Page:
National Night Out looks to build police-community partnerships

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National Night Out looks to build police-community relations. Dann Cuellar reports during Action News at 11 p.m. on July 31, 2017. (WPVI)

Philadelphia's murder rate has spiked dramatically since last year.

Now the police department is hoping a nationwide initiative can help build bridges with residents and fight crime.

Mayor Jim Kenney spoke at a National Night Out kickoff event in Overbrook Monday night, an annual event promoting police-community partnerships and camaraderie to make neighborhoods safer.

"The nonsense you are hearing out of Washington these days is a disgrace," Kenney said.

From the point of view of some of those on hand, it's going to take a lot of work to repair those partnerships.

"Rebuilding the trust is going to take a lot, going to take a lot on everybody's part, not just the police, it's going to take a lot on our part as citizens," Leona Levitt of South Philadelphia said.

Increasingly, police will say that the culture of 'no-snitching' is hard to overcome, and in that instance, nobody wins. They say murders in the city neighborhoods go unsolved and police clearance rates for murders continue to decline.

So far this year, police statistics show the murder rate is at 182, that's a 13% increase for the same period last year.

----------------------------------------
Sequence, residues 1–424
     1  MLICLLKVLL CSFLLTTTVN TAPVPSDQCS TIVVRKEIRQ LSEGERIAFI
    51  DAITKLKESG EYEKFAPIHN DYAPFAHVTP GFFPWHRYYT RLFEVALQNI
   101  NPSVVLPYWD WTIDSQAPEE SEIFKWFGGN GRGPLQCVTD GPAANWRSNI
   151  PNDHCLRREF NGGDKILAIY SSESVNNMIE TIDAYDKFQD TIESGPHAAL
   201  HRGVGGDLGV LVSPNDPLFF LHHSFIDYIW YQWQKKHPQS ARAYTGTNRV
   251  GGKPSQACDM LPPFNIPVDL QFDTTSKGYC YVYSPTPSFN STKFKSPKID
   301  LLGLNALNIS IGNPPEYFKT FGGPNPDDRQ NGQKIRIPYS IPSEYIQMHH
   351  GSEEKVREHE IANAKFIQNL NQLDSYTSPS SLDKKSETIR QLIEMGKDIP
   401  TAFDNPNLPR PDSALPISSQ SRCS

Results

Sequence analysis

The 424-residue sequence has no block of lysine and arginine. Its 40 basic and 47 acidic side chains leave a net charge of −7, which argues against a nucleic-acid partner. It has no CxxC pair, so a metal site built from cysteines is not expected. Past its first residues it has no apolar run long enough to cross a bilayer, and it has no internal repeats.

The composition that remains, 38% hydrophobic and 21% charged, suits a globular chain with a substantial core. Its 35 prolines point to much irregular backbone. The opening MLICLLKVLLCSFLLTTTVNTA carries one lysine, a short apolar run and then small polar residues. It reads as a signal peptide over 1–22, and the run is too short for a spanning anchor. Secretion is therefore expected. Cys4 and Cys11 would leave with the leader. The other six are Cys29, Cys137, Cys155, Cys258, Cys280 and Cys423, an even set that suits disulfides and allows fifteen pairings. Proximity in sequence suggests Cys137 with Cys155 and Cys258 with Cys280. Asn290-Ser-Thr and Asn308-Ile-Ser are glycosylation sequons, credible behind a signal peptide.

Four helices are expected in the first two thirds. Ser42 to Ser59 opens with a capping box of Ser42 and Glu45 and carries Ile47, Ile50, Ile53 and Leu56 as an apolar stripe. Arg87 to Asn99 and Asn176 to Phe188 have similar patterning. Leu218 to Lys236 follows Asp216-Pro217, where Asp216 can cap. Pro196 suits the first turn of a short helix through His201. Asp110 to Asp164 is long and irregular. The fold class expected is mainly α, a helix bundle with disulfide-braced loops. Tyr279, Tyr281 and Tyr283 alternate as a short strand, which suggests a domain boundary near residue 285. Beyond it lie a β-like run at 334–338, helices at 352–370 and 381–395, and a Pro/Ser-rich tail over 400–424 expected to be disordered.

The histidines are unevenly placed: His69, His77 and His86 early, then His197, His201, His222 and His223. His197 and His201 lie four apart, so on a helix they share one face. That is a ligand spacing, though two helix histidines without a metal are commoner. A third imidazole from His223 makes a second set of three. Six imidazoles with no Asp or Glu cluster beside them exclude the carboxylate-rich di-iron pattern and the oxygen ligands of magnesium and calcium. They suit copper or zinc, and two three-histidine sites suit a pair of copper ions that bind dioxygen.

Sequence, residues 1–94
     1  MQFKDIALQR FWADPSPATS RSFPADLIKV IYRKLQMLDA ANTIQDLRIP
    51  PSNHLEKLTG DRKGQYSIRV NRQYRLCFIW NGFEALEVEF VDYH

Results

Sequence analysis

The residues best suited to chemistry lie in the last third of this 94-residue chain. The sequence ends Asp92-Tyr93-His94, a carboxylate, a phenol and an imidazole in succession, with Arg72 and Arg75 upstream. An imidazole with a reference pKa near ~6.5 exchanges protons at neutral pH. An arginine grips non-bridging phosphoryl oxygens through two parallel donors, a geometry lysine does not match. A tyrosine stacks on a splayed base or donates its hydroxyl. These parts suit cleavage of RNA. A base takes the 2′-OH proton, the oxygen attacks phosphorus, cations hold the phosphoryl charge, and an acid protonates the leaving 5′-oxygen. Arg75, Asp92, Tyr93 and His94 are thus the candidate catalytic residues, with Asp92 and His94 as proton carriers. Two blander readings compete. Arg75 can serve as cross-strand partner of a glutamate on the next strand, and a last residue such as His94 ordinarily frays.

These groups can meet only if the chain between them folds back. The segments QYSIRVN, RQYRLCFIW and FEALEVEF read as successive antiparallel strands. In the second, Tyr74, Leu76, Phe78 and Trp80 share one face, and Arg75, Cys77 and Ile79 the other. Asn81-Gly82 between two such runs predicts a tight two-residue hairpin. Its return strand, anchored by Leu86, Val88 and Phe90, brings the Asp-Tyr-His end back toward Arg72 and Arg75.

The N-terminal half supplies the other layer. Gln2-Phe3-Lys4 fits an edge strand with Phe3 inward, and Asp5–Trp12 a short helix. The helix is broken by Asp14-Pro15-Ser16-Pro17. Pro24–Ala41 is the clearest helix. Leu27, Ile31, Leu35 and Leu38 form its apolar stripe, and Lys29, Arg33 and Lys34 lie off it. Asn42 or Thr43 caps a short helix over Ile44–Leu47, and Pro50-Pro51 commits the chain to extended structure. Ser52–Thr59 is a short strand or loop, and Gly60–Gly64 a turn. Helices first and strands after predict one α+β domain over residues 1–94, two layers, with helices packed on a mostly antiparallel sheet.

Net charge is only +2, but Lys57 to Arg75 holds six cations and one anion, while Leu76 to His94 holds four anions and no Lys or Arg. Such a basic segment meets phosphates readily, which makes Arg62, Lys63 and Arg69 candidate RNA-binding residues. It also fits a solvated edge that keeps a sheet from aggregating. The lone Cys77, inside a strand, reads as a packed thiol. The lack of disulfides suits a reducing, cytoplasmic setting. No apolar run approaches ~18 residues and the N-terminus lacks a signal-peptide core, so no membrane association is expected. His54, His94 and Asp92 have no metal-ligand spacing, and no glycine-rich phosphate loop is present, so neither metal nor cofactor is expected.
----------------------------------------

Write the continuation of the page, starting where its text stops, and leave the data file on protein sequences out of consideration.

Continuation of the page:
For his part, Mayor Kenney says there's blame to go all around.

"Continuing to improve community relations by being out there with the community, making sure that we bring down unconstitutional stop and frisk, and treat people with respect on the street," Kenney said.

The mayor says the city is down 72% in unconstitutional stop and frisk cases since he came into office. Allegations of police brutality fuels distrust in minority communities, and, he says, the rhetoric coming out of Washington is not helping.

"We need to continue to make sure our immigrant communities are not afraid to call the police, so things that Jeff Sessions says, the President of the United States says about 'roughing up prisoners' chills the interaction between police and the community," Kenney said.

Residents have their own views.

"I think we also need to address some of the police brutality issues. I think over time, it will help," Overbrook resident Anthony Patterson said.

"The more the police are involved with us in activities like this, like National Night Out, it builds up trust," Teckla Cartwright of Overbrook Park said.

Observers say, clearly, the trend did not begin overnight and it will not be fixed overnight either.
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